The Canadian dollar has slipped below 80 cents US for the first time in almost six years.
The loonie closed at 79.87 cents US on Wednesday, down about three-quarters of a cent from Tuesday's close.
The Canadian dollar's tumble accelerated just after the U.S. Federal Reserve reiterated it will be patient in raising rates from record lows and noted that the U.S. economy continues to improve.
- Canadian dollar could fall to 75 cents on weak oil prices, experts say
- Canadian dollar slump hikes cost of U.S. imported goods
That statement immediately sent the value of the U.S. dollar up against many major of the world's currencies, including the Canadian dollar.
"The strong divergence of the Fed having a tightening bias, regardless of how much they end up tightening, is likely to keep the [U.S.] dollar supported versus most currencies," Robert Tipp, a chief investment strategist at Prudential told Bloomberg.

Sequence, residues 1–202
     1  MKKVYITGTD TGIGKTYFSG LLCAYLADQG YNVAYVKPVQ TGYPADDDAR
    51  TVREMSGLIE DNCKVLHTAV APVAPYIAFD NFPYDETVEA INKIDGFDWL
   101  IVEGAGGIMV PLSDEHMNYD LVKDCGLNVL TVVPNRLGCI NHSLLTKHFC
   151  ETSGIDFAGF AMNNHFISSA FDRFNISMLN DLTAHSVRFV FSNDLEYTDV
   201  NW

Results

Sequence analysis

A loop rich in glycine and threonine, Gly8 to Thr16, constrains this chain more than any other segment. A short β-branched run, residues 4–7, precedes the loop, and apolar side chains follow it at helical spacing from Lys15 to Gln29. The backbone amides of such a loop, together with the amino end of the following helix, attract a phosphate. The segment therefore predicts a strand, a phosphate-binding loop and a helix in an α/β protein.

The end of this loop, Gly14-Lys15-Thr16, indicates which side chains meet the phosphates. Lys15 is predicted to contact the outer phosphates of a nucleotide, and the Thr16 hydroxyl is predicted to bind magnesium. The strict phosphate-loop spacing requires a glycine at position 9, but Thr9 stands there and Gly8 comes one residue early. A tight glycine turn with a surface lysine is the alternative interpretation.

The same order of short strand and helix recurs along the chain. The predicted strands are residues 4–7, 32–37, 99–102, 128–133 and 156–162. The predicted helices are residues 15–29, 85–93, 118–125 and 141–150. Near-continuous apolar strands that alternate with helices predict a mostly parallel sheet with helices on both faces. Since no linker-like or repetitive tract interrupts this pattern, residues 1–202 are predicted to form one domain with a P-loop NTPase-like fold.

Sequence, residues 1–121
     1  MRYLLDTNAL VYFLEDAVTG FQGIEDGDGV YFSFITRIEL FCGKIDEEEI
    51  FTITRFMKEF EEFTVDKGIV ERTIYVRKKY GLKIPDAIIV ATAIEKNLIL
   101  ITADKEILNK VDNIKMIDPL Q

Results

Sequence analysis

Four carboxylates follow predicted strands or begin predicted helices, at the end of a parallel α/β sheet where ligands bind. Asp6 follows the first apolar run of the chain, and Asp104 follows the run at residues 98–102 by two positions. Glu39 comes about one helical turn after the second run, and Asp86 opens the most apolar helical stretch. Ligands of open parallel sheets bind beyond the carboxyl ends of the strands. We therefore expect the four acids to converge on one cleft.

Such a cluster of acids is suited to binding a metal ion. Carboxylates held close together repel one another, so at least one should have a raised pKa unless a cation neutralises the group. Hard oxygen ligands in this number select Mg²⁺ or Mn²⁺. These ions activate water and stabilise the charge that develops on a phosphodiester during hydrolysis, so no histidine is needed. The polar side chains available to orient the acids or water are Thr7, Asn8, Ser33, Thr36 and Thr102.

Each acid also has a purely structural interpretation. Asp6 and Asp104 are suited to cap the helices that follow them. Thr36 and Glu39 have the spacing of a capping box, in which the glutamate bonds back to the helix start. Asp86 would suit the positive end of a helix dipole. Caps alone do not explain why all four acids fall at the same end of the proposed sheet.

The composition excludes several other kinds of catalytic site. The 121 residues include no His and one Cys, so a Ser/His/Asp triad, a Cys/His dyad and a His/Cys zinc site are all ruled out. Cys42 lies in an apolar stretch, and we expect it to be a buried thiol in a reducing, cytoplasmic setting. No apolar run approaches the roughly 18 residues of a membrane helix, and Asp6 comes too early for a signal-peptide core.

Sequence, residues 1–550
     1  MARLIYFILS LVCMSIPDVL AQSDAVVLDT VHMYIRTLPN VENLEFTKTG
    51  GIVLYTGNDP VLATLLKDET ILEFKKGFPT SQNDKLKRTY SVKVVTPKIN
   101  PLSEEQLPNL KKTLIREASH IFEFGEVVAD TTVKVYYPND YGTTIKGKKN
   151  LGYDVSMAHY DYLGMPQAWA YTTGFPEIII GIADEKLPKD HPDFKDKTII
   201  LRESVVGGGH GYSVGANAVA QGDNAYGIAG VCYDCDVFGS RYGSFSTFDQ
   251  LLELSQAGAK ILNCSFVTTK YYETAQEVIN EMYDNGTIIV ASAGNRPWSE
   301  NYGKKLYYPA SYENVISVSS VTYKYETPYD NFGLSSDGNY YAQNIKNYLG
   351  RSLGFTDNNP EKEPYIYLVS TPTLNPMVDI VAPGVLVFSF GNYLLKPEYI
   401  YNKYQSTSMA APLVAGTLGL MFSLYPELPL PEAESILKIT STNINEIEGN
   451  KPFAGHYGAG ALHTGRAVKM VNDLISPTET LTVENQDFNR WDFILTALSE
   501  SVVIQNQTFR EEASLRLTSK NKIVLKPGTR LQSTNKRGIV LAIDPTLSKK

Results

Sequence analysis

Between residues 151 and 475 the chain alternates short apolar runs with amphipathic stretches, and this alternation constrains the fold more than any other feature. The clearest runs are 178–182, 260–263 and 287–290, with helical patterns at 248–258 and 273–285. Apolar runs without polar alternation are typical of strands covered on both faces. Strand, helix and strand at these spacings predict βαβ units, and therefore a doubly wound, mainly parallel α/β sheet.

At official exchange rates, the dropping value of the loonie means it now costs more than $1.25 to buy a U.S. dollar.
Lowest since April 2009
The Canadian dollar hasn't traded below 80 cents US since April 2009.
"The Fed is leaning towards rate hike mode, while the [Bank of Canada] is in a rate cut mode. It is a tale of two worlds," wrote Rahim Madhavji of Knightsbridge Foreign Exchange in an emailed commentary.
"The trend is the friend for the U.S. dollar. The next few months could get ugly for the loonie."
Economists have forecast that the Canadian dollar could drop to 75 cents US or even lower, depending on a number of factors, including the length of the current oil price slump. Lower oil prices are considered a negative for the loonie's value.
Crude oil prices dropped $1.78 to close at $44.45 US a barrel on Wednesday. That was the lowest close for crude futures since March of 2009. The U.S. Energy Department reported earlier in the day that oil inventories had risen to their highest levels ever recorded.